barythrin
December 23rd, 2013, 08:41 AM
The reference CDP "ripped off" was the IBM BIOS by making one of the first but unauthorized IBM compatible clones. That got them sued pretty much to oblivion by IBM. Compaq did the appropriate thing and kept their developers out of the IBM systems and just told them what the interrupts did then had them code the equivalent from scratch to prevent any copyright infringement and then became their own history with a huge amount of sales from their cheaper but fully compatible IBM clones.

Yes the IBM PC was made from off the shelf parts, making it a great target to be able to be cloned but the firmware/bios was what IBM wanted to keep private.

SomeGuy
December 25th, 2013, 07:09 AM
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Now I have it hooked up with the composite to VGA converter, and it runs the Seirra Xmas card demo from floppy very nicely. Lots of colors for CGA.

A few other things I discovered. This machine doesn't use a twisted cable, so it runs the motor on both floppies when either is active. I tried feeding it an 8-bit RLL hard drive controller and it recognized that fine, but when I tried an 8-bit compatible VGA card didn't seem to like that.

Also, while playing with the motherboard DIP switches, one of them activated a "remote bootstrap" feature in the BIOS. When powered on it would just display a message that is was remote bootstapping and just sit there, probably expecting data from a serial port or something. No idea how to use that, but interesting!

mbbrutman
December 25th, 2013, 08:07 AM
The first version of the PC BIOS did not look for BIOS ROM extensions. So if you added a hard drive controller or a card with it's own BIOS it would not be found at boot time, basically rendering the card as not usable unless you had a different way (outside of BIOS) to access it.

I am kind of surprised the RLL controller was recognized because that would imply a BIOS that looks for BIOS ROM extensions. Maybe the Columbia is late enough where it is using a more modern BIOS that knows to scan for those. If that is the case then the VGA card should have been detected, but there might be other reasons for it not working.

vwestlife
December 25th, 2013, 08:56 AM
If that is the case then the VGA card should have been detected, but there might be other reasons for it not working.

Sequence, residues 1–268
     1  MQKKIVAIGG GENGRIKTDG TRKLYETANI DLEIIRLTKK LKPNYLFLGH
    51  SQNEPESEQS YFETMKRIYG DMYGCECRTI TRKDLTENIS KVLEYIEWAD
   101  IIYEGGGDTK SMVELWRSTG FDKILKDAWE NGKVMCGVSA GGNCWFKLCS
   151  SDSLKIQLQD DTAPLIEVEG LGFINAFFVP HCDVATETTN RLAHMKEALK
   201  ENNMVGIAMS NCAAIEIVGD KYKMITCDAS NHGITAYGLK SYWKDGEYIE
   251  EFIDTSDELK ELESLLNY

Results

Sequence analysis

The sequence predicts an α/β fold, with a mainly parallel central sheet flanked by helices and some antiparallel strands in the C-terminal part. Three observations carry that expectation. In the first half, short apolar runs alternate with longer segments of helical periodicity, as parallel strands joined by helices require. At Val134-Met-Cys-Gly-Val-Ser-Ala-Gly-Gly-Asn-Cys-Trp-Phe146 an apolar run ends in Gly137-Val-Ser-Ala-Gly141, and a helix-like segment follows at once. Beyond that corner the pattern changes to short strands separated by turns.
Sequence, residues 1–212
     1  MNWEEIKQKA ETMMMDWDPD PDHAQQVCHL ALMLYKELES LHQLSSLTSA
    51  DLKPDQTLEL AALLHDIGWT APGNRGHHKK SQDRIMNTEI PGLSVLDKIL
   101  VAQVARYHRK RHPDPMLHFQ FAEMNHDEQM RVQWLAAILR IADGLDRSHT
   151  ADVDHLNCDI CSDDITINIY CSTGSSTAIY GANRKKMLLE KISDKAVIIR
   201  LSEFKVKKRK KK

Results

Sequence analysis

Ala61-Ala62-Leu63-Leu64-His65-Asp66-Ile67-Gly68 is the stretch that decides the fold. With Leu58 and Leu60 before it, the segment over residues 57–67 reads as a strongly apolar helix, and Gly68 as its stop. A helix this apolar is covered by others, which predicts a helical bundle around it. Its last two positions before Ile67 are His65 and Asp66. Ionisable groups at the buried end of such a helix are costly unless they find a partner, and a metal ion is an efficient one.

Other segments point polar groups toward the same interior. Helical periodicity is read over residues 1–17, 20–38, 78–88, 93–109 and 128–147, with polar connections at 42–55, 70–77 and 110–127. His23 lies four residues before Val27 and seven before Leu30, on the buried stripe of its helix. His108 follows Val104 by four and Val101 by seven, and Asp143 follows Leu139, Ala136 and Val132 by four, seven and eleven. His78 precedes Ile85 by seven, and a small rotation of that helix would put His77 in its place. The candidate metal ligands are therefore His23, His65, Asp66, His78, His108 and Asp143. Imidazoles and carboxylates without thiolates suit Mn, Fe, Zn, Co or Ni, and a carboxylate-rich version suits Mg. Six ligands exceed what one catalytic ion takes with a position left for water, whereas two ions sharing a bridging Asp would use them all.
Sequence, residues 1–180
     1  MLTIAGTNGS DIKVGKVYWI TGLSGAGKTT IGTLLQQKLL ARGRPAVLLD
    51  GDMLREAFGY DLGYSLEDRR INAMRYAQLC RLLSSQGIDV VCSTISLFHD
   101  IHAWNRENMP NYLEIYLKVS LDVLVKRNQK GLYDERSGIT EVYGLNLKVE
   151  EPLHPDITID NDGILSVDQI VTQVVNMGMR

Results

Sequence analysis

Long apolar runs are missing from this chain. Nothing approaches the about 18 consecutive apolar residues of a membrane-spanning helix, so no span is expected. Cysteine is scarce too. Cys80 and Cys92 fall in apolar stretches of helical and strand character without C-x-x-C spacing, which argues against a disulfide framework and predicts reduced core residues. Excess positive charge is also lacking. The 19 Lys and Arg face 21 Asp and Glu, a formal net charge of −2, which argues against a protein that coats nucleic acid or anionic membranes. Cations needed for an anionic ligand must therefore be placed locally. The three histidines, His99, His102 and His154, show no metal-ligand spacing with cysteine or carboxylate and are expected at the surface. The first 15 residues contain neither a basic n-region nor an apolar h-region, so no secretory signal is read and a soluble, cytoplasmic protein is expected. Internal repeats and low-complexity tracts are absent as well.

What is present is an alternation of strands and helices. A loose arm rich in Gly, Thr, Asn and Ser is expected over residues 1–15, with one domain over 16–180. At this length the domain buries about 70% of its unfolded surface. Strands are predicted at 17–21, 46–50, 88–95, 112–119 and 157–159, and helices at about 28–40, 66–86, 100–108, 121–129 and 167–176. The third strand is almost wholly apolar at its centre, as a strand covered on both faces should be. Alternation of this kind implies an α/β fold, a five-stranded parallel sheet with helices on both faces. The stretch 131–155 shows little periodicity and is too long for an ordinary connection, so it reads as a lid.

Probably he would need to change the motherboard DIP switches to indicate "no video" in order for the VGA card to be recognized, just like on a real IBM PC or XT.

SomeGuy
December 31st, 2013, 01:21 PM
This is hilarious. I dug out my Video 7 VGA 1024i card, which I know works well on 8088 machines, to try on the MPC 1600 instead of the Paradise card I tried before. Of course it still didn't do anything, but I grabbed the manual to look up the Video 7 dip switches, and it almost opened right up to a system installation page that reads:

"Columbia 1600: Must have Columbia BIOS ROM version 4.36 or later."

I never noticed that manual had anything about CDP computers before! :confused5:

And here I am with 4.34. So close! And all I need is a BIOS update. This is why BIOSes and manuals need to be archived.

SomeGuy
January 4th, 2014, 10:01 AM
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A couple more notes, DIP switch S2-6 enables a serial console mode.

In this mode, all BIOS I/O is redirected to the second COM port (at 19200-7-N). On the back, COM2 is labeled "console".

The 1600 uses female DB25 ports, instead of the typical male DB25, but a simple adapter fixes that.

It also uses an oddball parallel plug (female ~DB50, didn't count the pins), but fortunately mine came with the cable to connect to a Centronics parallel printer.

Also, the 4.34 BIOS images have been added to minuszerodegrees if anyone is interested.

Chuck(G)
January 4th, 2014, 10:29 AM